Yo! Hip Hop Power Glove

For many hip-hop lovers, Nas’ song “One Mic” is one of the genre’s greatest meditations on the art form. At least for me, the song conjures up a single image, Nas holding a mic to his mouth with his left hand while gesturing a single drawn out index finger with his right. One mic holding the attention of an entire stadium of adoring fans.

Hand gestures are synonymous with hip hop and hip hop performances. Whether to emphasise or dramatise the lyrics, hand signs are a part of every hip hop performer’s repertoire. Although often lauded for their creative genius in lyricism, the conventional hip-hop performer is often not associated with musicality. Rappers often perform with a DJ or an engineer that support the performance by providing a musical backdrop in the form of a beat or cued vocal effects. This kind of collaboration is fun and often necessary but it usually means hours of rehearsals and orchestration. Furthermore, a single performer has no easy way to control their own sound, making them completely reliant on a DJ.

An idea born out of my own frustrations as a rapper, the Hip Hop power glove uses my hand gestures, which are often only used decoratively, and turns them into a communicative mode of creative expression. The movement of every finger can be assigned to a specific sound effect, with contraction of the finger causing a sound effect to be triggered. With a little bit of programming in what is called a signal processing software, individual or combinations of finger movements can be used to create complex sounds like piano keys, bass sounds and everything you can expect from a synthesiser. The glove can also be used to control visuals and can act as a controller interface for a game. I still need to rehearse with the glove but I am granted full control over my sound and my performance. It is my plan to create more prototypes of the glove that suit the needs of different performers.

Norway Paris

In the summer of 2019 I won a scholarship to attend a Physical Computing course with the Berlin-based creative technology organisation School of Machines, Making and Make-Believe (SMMA). I had experience with physical computing from working at FABLAB Namibia (now defunct), but SMMA really helped to understand the power of technology in creative expression. The Hip Hop power glove was conceptualized and developed for my upcoming Cyber-punk-themed Hip Hop album Turbo Summation . The sound design (PureData patches) and composition for the glove were produced collaboratively with Andrew Hockey.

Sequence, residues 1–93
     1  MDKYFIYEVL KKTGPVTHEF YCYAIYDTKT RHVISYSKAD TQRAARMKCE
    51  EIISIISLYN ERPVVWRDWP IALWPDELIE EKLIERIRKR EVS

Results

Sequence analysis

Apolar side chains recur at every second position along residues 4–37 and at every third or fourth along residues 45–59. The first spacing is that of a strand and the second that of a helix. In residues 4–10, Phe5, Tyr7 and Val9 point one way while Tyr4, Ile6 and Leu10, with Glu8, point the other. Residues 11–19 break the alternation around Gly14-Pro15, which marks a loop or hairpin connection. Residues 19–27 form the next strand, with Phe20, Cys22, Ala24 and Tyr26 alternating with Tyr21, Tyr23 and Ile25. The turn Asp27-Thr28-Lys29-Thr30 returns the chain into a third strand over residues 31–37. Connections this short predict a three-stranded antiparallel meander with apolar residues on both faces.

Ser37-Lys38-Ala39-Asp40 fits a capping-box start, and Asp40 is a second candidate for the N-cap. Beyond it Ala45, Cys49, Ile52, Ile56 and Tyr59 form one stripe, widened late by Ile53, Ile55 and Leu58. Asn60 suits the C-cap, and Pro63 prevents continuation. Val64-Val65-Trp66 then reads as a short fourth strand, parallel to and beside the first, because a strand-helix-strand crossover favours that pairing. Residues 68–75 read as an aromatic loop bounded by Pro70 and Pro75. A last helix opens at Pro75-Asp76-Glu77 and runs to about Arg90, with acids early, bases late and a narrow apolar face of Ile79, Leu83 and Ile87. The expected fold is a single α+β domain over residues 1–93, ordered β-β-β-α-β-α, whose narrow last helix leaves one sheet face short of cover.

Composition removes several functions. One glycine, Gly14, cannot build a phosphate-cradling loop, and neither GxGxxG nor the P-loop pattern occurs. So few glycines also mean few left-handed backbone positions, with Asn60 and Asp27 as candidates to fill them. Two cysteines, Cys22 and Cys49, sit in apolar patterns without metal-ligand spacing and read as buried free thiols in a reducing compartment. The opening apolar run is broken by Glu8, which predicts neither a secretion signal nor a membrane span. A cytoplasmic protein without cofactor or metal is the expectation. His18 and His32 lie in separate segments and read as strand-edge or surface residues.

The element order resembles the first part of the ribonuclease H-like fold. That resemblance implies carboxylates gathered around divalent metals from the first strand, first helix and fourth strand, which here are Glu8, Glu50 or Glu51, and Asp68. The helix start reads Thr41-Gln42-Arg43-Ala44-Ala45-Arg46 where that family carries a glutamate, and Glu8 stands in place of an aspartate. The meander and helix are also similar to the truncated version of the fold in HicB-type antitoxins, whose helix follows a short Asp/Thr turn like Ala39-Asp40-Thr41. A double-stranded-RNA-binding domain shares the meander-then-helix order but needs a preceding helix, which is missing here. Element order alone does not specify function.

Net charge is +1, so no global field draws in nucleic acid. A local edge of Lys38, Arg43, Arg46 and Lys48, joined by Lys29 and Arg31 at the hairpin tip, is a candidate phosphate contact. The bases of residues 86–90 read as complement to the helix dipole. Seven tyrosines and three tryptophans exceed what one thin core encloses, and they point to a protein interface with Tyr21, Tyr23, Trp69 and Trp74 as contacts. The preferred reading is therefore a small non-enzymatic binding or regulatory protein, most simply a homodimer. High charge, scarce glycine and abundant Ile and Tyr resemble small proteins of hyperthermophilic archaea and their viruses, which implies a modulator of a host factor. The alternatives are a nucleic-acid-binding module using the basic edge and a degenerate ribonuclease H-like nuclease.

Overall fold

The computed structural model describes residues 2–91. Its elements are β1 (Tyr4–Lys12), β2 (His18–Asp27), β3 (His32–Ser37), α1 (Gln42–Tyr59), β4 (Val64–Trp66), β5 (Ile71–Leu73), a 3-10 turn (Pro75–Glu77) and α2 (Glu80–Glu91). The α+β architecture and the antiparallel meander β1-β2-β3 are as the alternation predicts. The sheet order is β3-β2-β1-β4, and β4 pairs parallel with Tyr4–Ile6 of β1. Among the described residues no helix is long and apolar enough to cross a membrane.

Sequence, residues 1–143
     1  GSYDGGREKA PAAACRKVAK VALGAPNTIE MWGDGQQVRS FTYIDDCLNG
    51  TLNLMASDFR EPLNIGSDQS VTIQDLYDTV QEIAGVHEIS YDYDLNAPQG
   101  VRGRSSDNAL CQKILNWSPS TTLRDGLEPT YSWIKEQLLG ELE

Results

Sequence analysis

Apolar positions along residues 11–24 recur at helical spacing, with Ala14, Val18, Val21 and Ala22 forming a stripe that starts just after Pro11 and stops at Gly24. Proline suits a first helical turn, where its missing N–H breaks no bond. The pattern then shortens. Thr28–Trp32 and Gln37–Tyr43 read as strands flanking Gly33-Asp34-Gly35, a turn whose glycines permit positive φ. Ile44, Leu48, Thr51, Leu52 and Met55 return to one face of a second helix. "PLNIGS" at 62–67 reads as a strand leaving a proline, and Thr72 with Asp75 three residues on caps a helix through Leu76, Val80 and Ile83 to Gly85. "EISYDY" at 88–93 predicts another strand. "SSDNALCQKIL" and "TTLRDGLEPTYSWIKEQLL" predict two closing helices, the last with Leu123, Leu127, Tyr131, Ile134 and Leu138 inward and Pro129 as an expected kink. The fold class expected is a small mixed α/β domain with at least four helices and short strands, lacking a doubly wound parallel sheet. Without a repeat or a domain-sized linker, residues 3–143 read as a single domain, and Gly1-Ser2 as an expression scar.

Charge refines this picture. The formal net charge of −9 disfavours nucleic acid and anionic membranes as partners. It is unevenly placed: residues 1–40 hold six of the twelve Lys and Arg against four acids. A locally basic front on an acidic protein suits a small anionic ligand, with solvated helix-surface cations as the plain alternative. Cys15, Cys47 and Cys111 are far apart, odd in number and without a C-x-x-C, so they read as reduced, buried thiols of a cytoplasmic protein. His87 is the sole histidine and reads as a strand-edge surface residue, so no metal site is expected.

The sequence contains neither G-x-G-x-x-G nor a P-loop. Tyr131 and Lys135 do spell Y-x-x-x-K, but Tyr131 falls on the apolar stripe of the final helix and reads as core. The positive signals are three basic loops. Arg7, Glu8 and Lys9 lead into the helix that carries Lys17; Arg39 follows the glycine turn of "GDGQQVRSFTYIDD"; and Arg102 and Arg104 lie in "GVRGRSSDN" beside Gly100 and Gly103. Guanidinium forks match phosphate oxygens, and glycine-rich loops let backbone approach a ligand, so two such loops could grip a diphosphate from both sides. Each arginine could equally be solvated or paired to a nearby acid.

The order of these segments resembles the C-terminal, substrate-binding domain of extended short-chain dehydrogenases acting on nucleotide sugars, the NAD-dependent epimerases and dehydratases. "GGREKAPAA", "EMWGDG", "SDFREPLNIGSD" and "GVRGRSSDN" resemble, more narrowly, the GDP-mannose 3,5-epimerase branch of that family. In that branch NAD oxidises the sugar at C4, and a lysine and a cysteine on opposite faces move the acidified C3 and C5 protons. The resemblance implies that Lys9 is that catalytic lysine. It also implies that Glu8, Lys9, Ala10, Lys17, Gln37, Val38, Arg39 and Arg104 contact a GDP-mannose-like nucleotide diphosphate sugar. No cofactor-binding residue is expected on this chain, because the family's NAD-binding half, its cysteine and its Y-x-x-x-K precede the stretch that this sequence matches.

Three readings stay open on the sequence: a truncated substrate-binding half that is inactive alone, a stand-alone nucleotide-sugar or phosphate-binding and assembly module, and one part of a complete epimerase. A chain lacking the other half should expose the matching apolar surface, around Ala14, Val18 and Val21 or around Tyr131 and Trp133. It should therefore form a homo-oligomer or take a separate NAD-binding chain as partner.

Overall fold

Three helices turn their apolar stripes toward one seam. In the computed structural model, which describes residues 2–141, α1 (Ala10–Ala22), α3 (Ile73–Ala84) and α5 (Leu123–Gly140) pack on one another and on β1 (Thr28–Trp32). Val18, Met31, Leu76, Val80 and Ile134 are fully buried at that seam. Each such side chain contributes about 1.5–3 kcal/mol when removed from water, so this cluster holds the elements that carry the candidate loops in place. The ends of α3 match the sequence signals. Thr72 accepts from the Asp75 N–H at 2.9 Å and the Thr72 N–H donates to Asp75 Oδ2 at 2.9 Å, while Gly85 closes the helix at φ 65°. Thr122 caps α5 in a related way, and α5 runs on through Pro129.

Technical explanation

The Hip Hop power glove belongs to a family of data generating wearable technologies called data gloves. A data glove is comprised of various sensors that create a series of data points. What sensors are used usually depends on the kind of data the designer wants to create but they usually involve capturing various measurements of hand movement. Common sensors on data gloves include but are not limited to: gyroscopes, accelerometers, flex resistors, and magnetometers. Values generated by the glove are typically serialized into different signals, which may then be relayed to a signal processing unit such as an Arduino or other such microcontroller. Once processed by the microcontroller, signals can be manipulated programmatically to suit a certain range, a process known as normalization. Normalized values can then be further used in a third-party software, usually involving the I2C protocol when dealing with the hugely popular Arduino platform. Third party signal processing is commonly used in generative synthesis; a process that algorithmically influences the state of sine waves or oscillators in order to produce different sounds or melodies. PureData, MAX/MSP, Supercollider, Unity, Processing, and OpenFrameworks are all examples of signal processing softwares that can be used to create astonishing experiences with data


At the end of my course with SMMA, along with other people in my course, I got to present the Hip Hop power glove to the Berlin art and creative technology community. I performed some spoken word and rap freestyles to illustrate how I was planning to use the glove, to my surprise the response from the audience was overwhelmingly positive. In fact the entire exhibition was quite impressive as other students with diverse backgrounds in illustration, philosophy, architecture, AI, anthropology also showcased their impressive projects.

In March 2020 I was invited to present my personal journey in hip hop and computer science to the design community at the Design Indaba simulcast in Windhoek, Namibia. The event was hosted by Nedbank Namibia. During the presentation I talked about the importance of creative technology in promoting creative expression and of course, as a more attractive path into computer science for young creative and cultural societies like Namibia.

With Prolific maker Helen Leigh at the Physical Computing 2019 SMMA exhibition, Berlin
Giving a talk at the Design Indaba 2020 Nedbank Simulcast event
Presenting the concept of creative computing and Hip Hop power glove to the president of Namibia, Dr. Hage Geingob.

You can see a video demo of how the glove works HERE. I am interested in connecting with DJs, product designers, creative fund reps, and other Hip Hop performers to fine-tune the power glove into something that is more market-ready or an educational aid for creative technology. If you are one of these people and the continued development of the glove interests you then please shoot me a mail.